It must have been exciting to be in New Orleans this past weekend. Part of me loves the Super Bowl, and all the fanfare that comes with it. Yes, I watched it, and yes, my team won! But there is also something about all the hype and mania that leaves me empty, and sick in my soul.
On the morning of the big game, a radio sports commentator said he was surprised to learn you could still find tickets for the big game at the bargain price of $1,500 a seat! If that is the bargain price, I wondered, what was the “regular” price? After a quick internet search, I discovered tickets sold for as much as $5,000! Then, I was blown away to learn thirty-second television commercials cost anywhere from 2.5 to 3.01 million dollars! I suppose companies and organizations, and yes, even the Federal Government, thought it was worth the big bucks to get their messages out to the 93 million people watching the game. Reportedly, CBS took in 6.4 billion dollars in revenue just from the commercial sales. And, if you’re the winning MVP, you can get over $30,000 for telling the world you’re going to a special theme park in Florida. Amazing!
Please don’t get me wrong, I love sports, and I love the Super Bowl. I played sports in school, and I have my favorite college and professional teams. But, something doesn’t make sense. How can we justify this kind of over-the-top excess when 400 million children in the world go to bed hungry every night?
For me, it comes down to a question of priorities, and the power these priorities have in our lives. If attending the game in person is important, we’ll spend $5,000 for a ticket. If reaching 93 million people with the message of our company’s product is our priority, then we’ll gladly shell out the money to make it happen. The Super Bowl is a reminder of the power of priorities.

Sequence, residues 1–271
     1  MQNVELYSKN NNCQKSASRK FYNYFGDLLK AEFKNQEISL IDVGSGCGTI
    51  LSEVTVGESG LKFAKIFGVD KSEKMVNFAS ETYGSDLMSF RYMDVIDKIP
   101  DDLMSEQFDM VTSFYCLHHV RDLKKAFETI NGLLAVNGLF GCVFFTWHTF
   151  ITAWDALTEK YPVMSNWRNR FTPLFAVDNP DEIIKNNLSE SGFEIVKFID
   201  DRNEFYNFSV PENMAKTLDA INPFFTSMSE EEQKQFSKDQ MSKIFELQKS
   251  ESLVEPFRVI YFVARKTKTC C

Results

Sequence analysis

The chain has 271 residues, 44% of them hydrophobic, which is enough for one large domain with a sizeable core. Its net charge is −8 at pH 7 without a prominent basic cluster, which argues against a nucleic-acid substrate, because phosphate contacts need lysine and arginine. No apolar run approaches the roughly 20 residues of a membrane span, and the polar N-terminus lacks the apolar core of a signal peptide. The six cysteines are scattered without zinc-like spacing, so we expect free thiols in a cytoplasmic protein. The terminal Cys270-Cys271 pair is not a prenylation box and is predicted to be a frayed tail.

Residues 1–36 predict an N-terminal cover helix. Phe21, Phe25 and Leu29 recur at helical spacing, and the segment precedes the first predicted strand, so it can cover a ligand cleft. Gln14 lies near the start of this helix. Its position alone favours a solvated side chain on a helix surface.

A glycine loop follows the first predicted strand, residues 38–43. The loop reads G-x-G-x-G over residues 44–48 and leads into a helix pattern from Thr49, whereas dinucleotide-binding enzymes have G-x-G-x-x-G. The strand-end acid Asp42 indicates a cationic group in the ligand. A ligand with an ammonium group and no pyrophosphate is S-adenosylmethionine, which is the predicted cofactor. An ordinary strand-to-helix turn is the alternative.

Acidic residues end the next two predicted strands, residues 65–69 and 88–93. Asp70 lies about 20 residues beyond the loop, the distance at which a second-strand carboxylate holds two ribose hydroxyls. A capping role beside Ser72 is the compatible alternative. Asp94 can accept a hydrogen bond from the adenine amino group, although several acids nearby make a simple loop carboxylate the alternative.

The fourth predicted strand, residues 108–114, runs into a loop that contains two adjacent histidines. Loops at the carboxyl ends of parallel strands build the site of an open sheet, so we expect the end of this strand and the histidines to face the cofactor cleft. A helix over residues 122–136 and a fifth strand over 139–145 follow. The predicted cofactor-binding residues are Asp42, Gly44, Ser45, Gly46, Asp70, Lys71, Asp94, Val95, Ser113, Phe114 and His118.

What would happen if we made something like world hunger a priority? The fact is, there is enough food in the world to feed every hungry person, and prevent the deaths of the15 million children dying each year from hunger and malnutrition. Experts tell us we have the food; it’s just not getting to the people who need it the most. It’s not a problem of resources; it’s a problem of priorities.
Effectively addressing global problems like hunger requires a realignment of our priorities. It is a matter of having the will to do something, individually and collectively. It requires a willingness to make sacrifices in lifestyle, and pay the price politically and socially. It starts by asking, “Is it important?” “Is it a priority?” And, “Does it stir us and drive us to do whatever it takes to make a difference?”
Ever so often, and especially during times of crisis such as the earthquake in Haiti, you see glimpses of what a shift in priorities can do. But these responses are too few and far between. Too quickly, we return to our selfish ways. Oh, that God would stir great changes in our hearts for the needs of those around us, and around our world! Oh, that God would change our priorities from a focus on ourselves and our comfort, to a focus on others and their needs!
What are your priorities, and the priorities of your church? What are the needs in your community? How can a shift in priorities help you meet those needs?